Speed up completion of all affordable houses
The basic necessities of life have often been named as food, clothing and shelter, without which man struggles to survive.
Although many in the world manage to find some amount of food and clothing, the need for housing is never met by many throughout their life on earth.
In some countries, affordable housing is provided, enabling citizens to find decent accommodation.
But lack of affordable housing in Ghana has pushed land prices to spiral out of control, fuelled by an influx of non-resident Ghanaians and foreigners who have out-priced the indigenes.
This has led to housing shortage in the country, hitting new record levels of two million.
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That is why today many residential areas across the country that boast so many ‘luxury’ and ‘executive’ pads have not been spared the rapid surge of slum settlements, mostly occupied by the products of urbanisation.
For a country still aspiring to reach an average per capita income of $1,500 a year by 2025, housing shortage has become a major nightmare for the government.
It is for this reason that it has announced an ambitious plan to establish a GH¢1 billion mortgage and housing finance to leverage private capital, while providing affordable housing for Ghanaians.
The construction of 250,000 affordable housing units across the country is part of measures to wipe out the two-million housing unit deficit, the Minister of Works and Housing, Mr Samuel Atta Akyea, has announced.
He also gave an assurance that the government would complete all affordable housing projects started by successive governments.
Mr Akyea gave the information when he took his turn to address the meet-the-press series in Accra.
He said the ongoing project formed part of an eight-year government affordable housing project to deliver 250,000 housing units a year to address the housing deficit.
He appealed to the public not to worry over delivery timelines for the project because the government was considering modern technologies, such as prefabrication that facilitated construction within days and months.
Since the inception of the Fourth Republic in 1993, various governments have had one kind of a housing project or another to accommodate the growing working population.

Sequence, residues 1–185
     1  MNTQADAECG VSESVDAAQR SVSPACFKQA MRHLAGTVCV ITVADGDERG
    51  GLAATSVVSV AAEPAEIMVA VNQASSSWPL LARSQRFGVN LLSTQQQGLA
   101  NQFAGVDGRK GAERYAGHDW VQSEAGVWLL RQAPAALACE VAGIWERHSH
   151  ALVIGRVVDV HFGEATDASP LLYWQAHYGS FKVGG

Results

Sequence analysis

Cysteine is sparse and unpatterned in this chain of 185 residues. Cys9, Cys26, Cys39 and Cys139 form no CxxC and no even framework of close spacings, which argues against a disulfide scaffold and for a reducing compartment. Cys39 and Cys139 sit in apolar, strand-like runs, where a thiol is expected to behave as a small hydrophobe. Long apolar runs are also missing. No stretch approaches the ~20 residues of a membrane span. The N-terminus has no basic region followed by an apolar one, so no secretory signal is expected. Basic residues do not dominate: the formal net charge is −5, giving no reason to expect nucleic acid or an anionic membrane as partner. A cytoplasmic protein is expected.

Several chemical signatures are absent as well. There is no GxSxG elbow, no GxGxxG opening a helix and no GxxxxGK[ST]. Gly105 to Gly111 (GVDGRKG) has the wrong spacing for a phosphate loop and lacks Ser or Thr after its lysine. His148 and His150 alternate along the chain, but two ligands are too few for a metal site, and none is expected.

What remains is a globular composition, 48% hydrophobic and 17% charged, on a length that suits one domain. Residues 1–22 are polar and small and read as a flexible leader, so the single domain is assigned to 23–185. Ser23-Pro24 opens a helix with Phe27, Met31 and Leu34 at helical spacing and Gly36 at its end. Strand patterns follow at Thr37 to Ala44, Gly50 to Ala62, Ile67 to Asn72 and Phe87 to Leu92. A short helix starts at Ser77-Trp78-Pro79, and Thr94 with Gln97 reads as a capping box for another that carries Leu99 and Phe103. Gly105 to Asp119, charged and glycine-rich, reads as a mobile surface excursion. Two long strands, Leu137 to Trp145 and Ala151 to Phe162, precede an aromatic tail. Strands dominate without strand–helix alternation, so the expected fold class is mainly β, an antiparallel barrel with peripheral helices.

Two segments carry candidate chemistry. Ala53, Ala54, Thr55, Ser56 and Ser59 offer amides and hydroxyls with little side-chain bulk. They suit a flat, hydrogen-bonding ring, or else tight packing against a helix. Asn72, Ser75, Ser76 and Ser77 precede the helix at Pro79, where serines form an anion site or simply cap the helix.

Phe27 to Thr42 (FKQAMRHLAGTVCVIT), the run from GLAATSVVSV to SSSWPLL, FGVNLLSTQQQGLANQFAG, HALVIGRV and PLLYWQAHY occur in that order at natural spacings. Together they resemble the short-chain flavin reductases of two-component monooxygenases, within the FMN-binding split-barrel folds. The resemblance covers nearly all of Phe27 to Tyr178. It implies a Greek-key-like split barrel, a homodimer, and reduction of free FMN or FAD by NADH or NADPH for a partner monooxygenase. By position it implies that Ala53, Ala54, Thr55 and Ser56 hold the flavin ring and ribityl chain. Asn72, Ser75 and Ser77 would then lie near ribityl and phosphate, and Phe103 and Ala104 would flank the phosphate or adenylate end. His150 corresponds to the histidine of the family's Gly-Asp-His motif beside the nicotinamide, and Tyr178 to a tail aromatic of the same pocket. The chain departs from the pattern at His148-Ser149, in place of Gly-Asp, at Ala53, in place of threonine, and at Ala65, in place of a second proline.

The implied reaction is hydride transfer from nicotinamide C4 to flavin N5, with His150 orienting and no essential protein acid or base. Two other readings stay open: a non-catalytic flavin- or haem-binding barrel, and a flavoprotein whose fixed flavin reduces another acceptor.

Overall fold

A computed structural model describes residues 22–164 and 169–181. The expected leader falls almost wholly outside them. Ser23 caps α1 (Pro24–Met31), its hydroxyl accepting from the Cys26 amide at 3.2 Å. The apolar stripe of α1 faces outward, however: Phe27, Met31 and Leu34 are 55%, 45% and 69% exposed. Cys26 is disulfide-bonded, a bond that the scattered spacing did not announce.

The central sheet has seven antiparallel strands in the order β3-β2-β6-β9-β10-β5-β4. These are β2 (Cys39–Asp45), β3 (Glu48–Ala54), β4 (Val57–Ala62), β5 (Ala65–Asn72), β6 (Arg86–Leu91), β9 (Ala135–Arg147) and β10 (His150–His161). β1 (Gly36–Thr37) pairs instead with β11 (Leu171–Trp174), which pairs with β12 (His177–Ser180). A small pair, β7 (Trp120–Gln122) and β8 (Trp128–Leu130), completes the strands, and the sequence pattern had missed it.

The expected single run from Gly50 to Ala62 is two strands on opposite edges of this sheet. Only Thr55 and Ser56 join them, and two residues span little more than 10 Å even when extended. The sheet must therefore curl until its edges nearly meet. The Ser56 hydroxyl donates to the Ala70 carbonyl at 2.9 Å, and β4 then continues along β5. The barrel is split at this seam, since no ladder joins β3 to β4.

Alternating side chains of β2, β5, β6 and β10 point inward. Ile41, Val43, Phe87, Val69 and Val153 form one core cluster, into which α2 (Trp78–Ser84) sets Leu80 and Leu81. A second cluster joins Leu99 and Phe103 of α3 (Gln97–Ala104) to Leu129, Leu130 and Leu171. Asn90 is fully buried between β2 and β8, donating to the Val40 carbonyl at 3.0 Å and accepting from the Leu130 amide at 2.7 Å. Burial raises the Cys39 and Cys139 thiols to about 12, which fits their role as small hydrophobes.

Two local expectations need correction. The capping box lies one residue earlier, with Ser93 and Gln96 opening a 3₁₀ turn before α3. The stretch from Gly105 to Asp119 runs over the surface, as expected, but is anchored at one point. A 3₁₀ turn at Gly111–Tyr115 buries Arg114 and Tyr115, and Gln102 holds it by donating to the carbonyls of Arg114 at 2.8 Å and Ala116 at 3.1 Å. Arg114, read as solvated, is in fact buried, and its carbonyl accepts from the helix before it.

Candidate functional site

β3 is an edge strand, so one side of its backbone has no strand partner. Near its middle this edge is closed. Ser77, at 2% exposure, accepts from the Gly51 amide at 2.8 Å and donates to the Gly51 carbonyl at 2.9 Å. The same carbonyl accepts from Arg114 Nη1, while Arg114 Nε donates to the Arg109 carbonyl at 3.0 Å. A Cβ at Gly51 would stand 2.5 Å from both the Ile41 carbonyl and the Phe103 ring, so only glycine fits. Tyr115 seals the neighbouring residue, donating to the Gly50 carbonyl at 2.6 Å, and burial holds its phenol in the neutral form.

Mr Rawlings started with the SSNIT flats in parts of the country, while Mr Kufuor also contributed to the housing stock with the affordable housing project in parts of the country.
The late Professor John Evans Atta Mills also contributed to bridge the housing gap with the construction of 30,000 housing units for Ghana's security services, while Mr Mahama added to the stock with the Saglemi housing project.
But in all of these, the paper is at pains to say that a lot of those projects are halfway through construction, abandoned by successive political regimes or completed but not occupied.
This is a cost to taxpayers and ordinary citizens who need decent accommodation, at least to start life.
Most often, the refrain by the political elite is that projects that commenced under a previous regime are tainted with corruption and so have to be investigated before being occupied.
But beneath that chorus is the fear that the previous regime will take credit for the project it had initiated, which has a political advantage.
The Daily Graphic urges the government to complete all uncompleted housing projects, as promised by the minister, before embarking on new ones.
Where it feels that a project is tainted with corruption, it should allow the project to be occupied while it investigates to punish the corrupt culprits.
Surely, one of the ways to reduce the housing deficit is to complete all outstanding projects and make sure they are fully utilised.
That way, the housing deficit in the country can be bridged and we will have the full benefit of our investment in the housing sector.